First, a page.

High days and holidays, 1930s
Rita Denman spent her childhood in Elm Grove in the 1930s. This is one in a series of memoirs she has sent to My Brighton and Hove titled ‘Life up the Grove’.
In the 1930’s the average man’s wage was very low and did not allow for extravagances. Cars were owned by the ‘better off’ and holidays abroad for the masses were far into the future. Many family holidays consisted of days out, and everyone including the children, was used to walking long distances.
A walk to Withdean
A favourite walk was to Withdean. The high point was the walk down Peacock Lane to a dairy on Preston Road, where we were indulged in a glass of milk. It was always exciting to watch the Salvation Army band march from Congress Hall near the level to Preston Park. Many townsfolk fell in behind, marching to the park to listen to the ensuing brass band concert.
Preston Park was very popular, with space to play games, and the rose gardens and the stepping stones across the pond to enjoy. The competition gardens on the Preston Road side were duly examined and admired. The folk playing bowls in their whites and Panama hats seemed to be from another world and the tea-rooms always busy with the inviting clink of china was part of the atmosphere of the park. School sports were held at the sports ground at the north end of the park. When the Rockery was constructed on the opposite side of Preston Road, this also became an amenity accessible to many families.
Over the hill to Telscombe
We always did things as a family. We would walk over the hill to Telscombe or in the other direction towards Bear Road, through Tenantry Down Road, where the allotments were, skirting ‘the Sanny’ (Sanatorium and later Bevendean Hospital) to the steps through more allotments down into Lower Bevendean. Then we crossed the valley and went up the other side to Higher Bevendean, where an Aunt and Uncle lived. The hill behind Bevendean Crescent was a nature lover’s delight, where a carpet of chalk loving wild flowers grew. The hill ran down into open pasture where cows grazed. Is it still there as beautiful as ever? I remember the cows well, as on one occasion when wearing my new pink knitted coat, I started to run down the hill. Gathering momentum as I ran, I was soon completely out of control and ended up in a heap amidst the cows. Luckily for me not in a cow pat!
Walking along the seafront
We often walked along the seafront. We watched the sea in all its moods, summer and winter. We risked being blown over by the cross-winds on the corner of East Street and got wet on rainy bank holidays. We gingerly walked over the pebbles to get to the sand when the tide was ‘out’ and dug holes in the shingle to see how far down it was wet when the tide was ‘in’. We tried to enjoy our sandwiches, which invariably got sand in them, and we sheltered under a fishing boat when it was windy, determined to enjoy ourselves.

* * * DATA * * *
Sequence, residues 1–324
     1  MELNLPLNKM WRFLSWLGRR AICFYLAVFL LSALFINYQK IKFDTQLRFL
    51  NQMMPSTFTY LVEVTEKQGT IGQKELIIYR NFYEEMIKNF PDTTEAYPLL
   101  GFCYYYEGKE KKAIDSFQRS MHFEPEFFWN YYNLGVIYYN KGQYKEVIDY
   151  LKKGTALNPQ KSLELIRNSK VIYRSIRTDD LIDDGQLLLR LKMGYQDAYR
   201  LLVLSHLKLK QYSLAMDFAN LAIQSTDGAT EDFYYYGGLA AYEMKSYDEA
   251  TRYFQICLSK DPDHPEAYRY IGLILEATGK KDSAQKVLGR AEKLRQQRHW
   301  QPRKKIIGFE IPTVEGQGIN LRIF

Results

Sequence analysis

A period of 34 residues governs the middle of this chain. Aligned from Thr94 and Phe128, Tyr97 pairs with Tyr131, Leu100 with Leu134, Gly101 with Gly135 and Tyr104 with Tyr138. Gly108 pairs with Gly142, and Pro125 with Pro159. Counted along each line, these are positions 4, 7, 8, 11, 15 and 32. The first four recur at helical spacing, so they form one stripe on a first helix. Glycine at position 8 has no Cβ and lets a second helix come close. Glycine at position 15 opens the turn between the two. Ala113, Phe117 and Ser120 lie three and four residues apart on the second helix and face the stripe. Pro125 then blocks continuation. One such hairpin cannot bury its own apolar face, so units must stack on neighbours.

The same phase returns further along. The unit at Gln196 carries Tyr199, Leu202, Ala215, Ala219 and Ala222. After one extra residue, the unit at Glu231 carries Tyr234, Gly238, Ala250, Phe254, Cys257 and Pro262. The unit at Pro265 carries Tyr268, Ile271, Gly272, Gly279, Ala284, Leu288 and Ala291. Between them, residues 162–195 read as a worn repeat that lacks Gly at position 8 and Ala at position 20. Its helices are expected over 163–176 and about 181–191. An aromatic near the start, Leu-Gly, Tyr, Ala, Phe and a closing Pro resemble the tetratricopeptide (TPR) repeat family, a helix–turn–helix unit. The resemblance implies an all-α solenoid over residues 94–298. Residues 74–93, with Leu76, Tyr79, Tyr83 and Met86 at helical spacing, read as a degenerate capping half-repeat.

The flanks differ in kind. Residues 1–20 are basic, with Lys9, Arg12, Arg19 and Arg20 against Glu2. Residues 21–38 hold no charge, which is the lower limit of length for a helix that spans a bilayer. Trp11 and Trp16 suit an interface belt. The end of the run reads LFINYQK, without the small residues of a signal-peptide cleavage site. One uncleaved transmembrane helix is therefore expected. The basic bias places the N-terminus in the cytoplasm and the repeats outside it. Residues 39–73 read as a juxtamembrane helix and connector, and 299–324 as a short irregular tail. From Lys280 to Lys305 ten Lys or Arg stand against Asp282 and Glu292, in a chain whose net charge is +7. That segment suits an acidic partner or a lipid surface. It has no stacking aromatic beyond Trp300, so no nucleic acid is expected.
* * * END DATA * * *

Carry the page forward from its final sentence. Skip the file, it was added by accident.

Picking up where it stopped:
Uncle Jack at Black Rock
At the Black Rock end, Jack Shepherd gave his seaside entertainment. A large striped tent and awning covered the stage. I suppose there must have been paying patrons, but large crowds gathered to watch on the Upper levels of Madeira Drive for a free show. Not to be outdone, at intervals a collection bag on a very long pole was hoisted up into the crowds, which at this point melted away.
Our favourite place was at Black Rock among the rock pools. It was sometimes very smelly, but there were always hordes of children with little nets prodding about in the pools. There were all kinds of little crabs, starfish, sea anemones, mussels and various kinds of seaweed, and usually a nice piece of ribbon seaweed to take home as a weather forecaster which was hung in the garden. If the seaweed was damp it would rain and if it was dry the weather would be fine. We must have learned a great deal about marine life without realising it. What a great pity it was that this natural centre of learning was swallowed up by the marina!
A trip on a paddle steamer
A big event in our holiday was a trip on the paddle steamer that I believe was ‘The Waverley’, to the Isle of Wight leaving from The Palace Pier. It must have been 1937 when the Coronation Naval Review was being held at Spithead that we took an annual trip. There was a very thick sea fog and the siren was being sounded every few minutes, answering sirens being heard in return. Whether or not we were ”off course’ I don’t know but suddenly we were in the path of a naval ship narrowly missing a collision. The sailors on deck all cheered as we avoided disaster. There was no radar at that time of course. It was with some relief that we set foot on the Island.